Take a look, and see one of the first events held in the Rosewood Initiative’s community space …
Kids and adults try their hand at inventing “things” during “Let’s Make Rosewood”.
Story and photos by David F. Ashton
For several years, the Rosewood Initiative has been bringing together neighbors, businesses, law enforcement, and organizations, to reduce crime and improve the 15-block service area around the intersection of 162nd and Burnside.
One main focus of effort has been centered around building a new community center.
> See “Makeover begins, at Rosewood Community Center”: CLICK HERE.
Rosewood Initiative Director Jenny Glass welcomes folks to their new café, and to the the day’s program.
One of their first events in the Rosewood Café was their “Let’s Make” event, held on June 9.
There, working with one of the kids, was organizer Rob van Nood, a teacher at Opal Charter School, which is inside The Children’s Museum.
Youthful tinkerer Mitchel Klepp and Rob van Nood work with an “art-bot”, made from an electric toothbrush motor and other parts. The device draws on the cardboard.
This day’s activities came together, van Nood told East Portland News, after he and Rosewood Initiative Director Jenny Glass came up with the idea was putting together a “pop-up Maker Space” at the café.
“We’d hope to do it in a month, but it took closer to 70 days to put it together,” van Nood said. “We wanted to see if the community was interested in doing these kinds of activities.”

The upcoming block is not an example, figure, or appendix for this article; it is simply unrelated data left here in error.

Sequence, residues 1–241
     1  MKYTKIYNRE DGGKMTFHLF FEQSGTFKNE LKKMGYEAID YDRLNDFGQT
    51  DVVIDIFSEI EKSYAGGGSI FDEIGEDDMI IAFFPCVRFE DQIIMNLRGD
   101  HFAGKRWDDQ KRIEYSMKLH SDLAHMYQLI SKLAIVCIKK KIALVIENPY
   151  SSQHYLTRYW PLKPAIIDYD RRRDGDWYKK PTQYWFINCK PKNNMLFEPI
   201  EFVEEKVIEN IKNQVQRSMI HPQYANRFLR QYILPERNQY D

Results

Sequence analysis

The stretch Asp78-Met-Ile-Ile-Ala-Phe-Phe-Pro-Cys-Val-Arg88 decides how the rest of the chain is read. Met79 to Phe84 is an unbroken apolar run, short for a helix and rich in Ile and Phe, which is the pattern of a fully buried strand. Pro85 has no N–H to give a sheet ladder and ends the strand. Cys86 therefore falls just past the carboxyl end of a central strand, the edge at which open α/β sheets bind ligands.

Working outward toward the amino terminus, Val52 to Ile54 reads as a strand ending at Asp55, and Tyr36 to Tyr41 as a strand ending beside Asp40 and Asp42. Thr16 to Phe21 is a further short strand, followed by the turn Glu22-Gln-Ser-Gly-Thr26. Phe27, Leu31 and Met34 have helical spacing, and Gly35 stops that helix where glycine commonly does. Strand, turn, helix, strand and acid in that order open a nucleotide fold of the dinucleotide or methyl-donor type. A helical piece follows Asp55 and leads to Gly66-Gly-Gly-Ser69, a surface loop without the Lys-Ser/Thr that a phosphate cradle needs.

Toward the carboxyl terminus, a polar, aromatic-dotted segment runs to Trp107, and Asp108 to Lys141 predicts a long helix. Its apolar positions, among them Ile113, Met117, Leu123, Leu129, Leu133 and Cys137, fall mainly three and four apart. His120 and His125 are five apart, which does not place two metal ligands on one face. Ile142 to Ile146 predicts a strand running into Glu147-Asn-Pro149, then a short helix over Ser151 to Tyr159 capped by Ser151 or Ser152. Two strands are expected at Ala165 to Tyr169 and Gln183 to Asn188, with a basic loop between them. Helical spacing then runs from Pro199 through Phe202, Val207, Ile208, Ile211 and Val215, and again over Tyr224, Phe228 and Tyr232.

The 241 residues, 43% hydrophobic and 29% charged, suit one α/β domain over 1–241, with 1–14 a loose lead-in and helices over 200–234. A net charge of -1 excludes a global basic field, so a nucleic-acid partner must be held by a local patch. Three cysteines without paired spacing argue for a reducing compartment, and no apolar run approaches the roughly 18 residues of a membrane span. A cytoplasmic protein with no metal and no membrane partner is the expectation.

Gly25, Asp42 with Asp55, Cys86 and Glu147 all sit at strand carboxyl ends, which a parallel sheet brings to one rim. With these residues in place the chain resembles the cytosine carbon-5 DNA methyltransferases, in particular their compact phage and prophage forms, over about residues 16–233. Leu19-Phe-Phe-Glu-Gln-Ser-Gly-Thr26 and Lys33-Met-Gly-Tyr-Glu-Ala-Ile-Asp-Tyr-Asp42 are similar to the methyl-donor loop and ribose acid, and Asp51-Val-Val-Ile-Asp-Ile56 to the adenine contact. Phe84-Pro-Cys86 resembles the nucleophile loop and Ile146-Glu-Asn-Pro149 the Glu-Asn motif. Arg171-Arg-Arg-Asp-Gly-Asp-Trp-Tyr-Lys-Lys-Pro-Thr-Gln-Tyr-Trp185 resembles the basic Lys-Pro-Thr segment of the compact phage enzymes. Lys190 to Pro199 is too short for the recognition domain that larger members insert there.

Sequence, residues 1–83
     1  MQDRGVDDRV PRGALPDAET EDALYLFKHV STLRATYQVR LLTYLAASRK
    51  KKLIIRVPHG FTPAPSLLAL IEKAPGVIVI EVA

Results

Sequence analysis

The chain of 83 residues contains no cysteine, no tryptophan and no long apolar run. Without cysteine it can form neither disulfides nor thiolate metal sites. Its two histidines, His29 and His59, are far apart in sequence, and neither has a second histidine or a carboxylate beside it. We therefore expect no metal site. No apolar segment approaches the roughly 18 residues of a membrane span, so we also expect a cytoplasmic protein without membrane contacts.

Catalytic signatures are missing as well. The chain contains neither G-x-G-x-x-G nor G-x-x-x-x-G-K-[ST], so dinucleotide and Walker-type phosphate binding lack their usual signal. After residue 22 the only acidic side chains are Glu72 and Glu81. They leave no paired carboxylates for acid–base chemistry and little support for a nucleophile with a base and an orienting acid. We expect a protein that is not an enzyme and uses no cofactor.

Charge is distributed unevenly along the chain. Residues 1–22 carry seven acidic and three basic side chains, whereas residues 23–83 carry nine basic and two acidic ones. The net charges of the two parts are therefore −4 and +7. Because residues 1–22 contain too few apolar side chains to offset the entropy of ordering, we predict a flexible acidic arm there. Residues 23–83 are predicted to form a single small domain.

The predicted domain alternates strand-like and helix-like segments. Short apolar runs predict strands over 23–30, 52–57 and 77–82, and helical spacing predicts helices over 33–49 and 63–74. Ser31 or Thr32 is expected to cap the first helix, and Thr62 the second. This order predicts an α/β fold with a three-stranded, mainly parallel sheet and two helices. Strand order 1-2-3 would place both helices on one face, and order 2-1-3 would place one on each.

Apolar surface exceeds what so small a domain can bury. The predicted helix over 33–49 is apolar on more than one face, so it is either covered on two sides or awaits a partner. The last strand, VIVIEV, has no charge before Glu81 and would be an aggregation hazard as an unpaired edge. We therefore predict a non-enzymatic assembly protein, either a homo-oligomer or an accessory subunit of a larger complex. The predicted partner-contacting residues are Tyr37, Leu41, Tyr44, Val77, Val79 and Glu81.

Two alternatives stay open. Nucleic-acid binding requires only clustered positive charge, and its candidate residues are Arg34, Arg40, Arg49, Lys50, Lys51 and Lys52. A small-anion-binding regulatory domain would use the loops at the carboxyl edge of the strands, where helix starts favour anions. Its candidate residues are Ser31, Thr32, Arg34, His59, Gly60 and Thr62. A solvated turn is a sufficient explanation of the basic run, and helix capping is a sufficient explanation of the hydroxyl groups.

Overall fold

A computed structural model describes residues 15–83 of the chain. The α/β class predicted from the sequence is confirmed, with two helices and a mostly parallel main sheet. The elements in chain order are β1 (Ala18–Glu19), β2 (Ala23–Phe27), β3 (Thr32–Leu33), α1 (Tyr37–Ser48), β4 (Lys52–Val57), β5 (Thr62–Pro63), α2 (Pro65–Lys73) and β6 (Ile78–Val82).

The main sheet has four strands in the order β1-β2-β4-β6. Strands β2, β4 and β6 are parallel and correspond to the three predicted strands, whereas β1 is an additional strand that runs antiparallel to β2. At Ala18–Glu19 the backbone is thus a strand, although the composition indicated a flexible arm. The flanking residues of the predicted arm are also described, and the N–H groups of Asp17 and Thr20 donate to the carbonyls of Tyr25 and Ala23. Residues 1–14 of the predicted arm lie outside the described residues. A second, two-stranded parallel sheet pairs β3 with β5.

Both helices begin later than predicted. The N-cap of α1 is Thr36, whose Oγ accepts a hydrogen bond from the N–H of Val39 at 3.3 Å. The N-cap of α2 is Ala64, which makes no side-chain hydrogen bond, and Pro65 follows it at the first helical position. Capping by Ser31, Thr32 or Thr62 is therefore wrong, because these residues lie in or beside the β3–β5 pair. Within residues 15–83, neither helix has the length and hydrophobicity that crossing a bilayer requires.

Matthew Klepp and Mason Klepp build a construction-paper rocket they’ll soon test on the outdoor air-launch pad.
Apparently, demand was strong; folks were coming in to check out the event, even before the doors officially opened.
“We have activities primarily made with cardboard,” van Nood described. “They’re relatively open-ended. It is designing and building with cardboard. We have “art bots”, taking motors and gears to make robots that paint and draw and dance and also duel with each other.”
Another popular station was an air-powered launcher, in the parking lot, for launching “all kinds of things”, to see how they fly.
Experimenters Iris van Nood and Eric van Nood test properties of materials in the vertical wind tunnel.
“Our last station is a vertical wind tunnel, where people can experiment with air, and build things that fit in there, and see how they interact with the airstream.”
Soon, the Rosewood Café was filled with “makers” and “tinkerers”, all inventing things are interacting with the props on hand, and with one another.
“Our goal is to create places that are really kid-friendly, design-and-make places,” van Nood concluded.
It looks as if they succeeded!
© 2013 David F. Ashton ~ East Portland News